--          results not reliable (one warning given per session)

o35 = HashTable{Histogram => Tally{1 => 12 }}
                                   2 => 10
                                   3 => 10
                                   4 => 5
                                   5 => 8
                                   6 => 8
                                   7 => 7
                                   8 => 5
                                   9 => 1
                                   10 => 1
                                   11 => 7
                                   12 => 4
                                   14 => 1
                                   15 => 5
                                   16 => 1
                                   17 => 1
                                   18 => 1
                                   20 => 1
                                   22 => 1
                                   25 => 1
                                   26 => 1
                                   27 => 3
                                   30 => 2
                                   37 => 2
                                   77 => 1
                                   131 => 1
                        1059
                Mean => ----
                         100
                StdDev => 16.1097

o35 : HashTable

Most of the methods in this package offer various options, such as selecting a specific ring with which to work, or change variable names, coefficients, etc. Here is a simple example:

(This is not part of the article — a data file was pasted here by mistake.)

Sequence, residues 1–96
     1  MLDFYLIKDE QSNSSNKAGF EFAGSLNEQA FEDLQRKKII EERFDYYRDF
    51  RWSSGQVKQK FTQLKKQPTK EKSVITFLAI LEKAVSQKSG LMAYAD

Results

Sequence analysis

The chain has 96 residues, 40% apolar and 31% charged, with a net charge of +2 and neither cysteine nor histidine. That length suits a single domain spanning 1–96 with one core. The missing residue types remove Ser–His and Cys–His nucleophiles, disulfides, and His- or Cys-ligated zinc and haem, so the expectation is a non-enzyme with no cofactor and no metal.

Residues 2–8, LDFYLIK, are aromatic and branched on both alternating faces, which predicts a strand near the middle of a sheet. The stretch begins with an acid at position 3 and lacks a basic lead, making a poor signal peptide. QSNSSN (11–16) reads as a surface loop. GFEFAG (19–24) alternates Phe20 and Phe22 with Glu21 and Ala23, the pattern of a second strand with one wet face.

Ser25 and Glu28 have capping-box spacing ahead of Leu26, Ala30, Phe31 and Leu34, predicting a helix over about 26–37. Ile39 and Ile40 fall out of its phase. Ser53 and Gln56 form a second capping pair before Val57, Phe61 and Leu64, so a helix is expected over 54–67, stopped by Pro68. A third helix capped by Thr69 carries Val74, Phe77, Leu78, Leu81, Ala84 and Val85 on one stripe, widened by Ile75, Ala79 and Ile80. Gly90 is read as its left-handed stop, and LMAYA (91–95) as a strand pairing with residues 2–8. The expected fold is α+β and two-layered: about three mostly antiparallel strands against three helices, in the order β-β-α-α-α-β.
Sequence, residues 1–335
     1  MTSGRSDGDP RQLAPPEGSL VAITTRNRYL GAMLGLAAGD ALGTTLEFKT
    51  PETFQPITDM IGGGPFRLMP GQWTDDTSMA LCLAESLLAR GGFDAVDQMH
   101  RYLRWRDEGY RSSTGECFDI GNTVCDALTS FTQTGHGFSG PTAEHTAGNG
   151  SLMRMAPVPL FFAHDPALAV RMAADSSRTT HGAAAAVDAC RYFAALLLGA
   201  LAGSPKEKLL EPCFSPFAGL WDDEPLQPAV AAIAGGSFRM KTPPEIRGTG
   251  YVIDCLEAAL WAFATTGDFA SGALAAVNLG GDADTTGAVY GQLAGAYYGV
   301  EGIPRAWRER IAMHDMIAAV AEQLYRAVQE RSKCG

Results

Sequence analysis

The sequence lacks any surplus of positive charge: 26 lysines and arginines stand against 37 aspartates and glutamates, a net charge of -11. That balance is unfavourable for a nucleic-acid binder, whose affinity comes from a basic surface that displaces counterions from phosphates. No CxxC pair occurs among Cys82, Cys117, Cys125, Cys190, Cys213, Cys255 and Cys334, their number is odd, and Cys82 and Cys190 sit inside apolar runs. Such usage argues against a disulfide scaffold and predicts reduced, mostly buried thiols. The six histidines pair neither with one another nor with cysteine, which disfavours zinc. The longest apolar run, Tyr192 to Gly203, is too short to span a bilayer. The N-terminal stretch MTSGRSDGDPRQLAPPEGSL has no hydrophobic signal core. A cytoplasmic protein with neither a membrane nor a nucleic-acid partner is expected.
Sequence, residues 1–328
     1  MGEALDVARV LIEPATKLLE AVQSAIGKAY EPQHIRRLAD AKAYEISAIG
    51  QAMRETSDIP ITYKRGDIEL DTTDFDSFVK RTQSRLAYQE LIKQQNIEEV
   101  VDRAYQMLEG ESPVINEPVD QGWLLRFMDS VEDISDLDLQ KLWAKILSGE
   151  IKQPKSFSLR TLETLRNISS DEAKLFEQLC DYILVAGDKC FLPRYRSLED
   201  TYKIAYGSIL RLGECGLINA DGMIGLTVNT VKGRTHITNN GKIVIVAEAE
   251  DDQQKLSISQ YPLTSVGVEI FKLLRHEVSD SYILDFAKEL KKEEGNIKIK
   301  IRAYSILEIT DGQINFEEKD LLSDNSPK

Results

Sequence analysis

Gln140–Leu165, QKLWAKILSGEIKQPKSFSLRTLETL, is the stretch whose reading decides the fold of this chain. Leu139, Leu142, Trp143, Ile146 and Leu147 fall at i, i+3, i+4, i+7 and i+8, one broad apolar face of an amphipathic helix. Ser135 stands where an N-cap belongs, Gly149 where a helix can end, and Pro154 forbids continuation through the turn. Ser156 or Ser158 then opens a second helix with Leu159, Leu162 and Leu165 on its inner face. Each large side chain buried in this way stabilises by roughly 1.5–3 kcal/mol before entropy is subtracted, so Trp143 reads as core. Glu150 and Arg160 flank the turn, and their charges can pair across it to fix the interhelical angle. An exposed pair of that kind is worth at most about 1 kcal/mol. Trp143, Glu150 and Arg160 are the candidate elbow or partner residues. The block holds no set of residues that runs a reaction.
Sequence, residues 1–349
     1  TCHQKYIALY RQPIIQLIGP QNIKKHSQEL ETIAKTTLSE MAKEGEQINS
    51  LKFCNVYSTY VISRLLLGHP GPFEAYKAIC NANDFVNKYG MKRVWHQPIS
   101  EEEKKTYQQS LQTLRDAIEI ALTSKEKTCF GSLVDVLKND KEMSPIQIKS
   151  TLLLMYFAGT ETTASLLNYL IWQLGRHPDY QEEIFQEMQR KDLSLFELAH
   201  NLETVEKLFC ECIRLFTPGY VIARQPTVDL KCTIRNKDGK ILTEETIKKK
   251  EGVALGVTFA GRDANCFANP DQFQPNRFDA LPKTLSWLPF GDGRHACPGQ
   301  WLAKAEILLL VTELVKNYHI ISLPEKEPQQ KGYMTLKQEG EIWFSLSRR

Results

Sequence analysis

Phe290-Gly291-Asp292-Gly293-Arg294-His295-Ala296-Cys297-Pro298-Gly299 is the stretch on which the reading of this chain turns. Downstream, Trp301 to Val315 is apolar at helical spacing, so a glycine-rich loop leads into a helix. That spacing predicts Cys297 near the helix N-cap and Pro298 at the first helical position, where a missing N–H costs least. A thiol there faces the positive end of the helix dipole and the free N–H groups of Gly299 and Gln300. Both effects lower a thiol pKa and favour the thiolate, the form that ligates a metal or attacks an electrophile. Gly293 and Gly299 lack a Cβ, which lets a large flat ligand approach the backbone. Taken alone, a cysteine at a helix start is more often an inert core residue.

i36 : R=ZZ/101[a..e];
i37 : randomMonomialSets(R,D,p,N)

                    2        2    2                    2                   2 
o37 = {{a, d, a*e, c , c*e, a d, a e, a*b*c, a*b*e, a*c , a*c*d, a*c*e, a*d ,
      -----------------------------------------------------------------------
                2   2    2      2            2            2   3   2          
      a*d*e, a*e , b c, b d, b*c , b*c*d, b*d , b*d*e, b*e , c , c e, c*d*e},
      -----------------------------------------------------------------------
                          2        2   2    2    2    2      2               
      {b, b*c, b*d, b*e, c , c*e, d , a b, a c, a d, a e, a*b , a*b*c, a*b*d,
      -----------------------------------------------------------------------
                     2                  3   2    2      2     2   3   2  
      a*b*e, a*c*d, b d, b*c*e, b*d*e, c , c d, c e, c*d , c*e , d , d e,
      -----------------------------------------------------------------------
         2           2   2             2             2   3   2         
      d*e }, {b, d, a , b , b*c, b*d, c , c*d, d*e, e , a , a e, a*b*c,
      -----------------------------------------------------------------------
                                   3   2    2                    2   2  
      a*b*d, a*b*e, a*c*d, a*d*e, b , b c, b d, b*c*d, b*c*e, b*e , c e,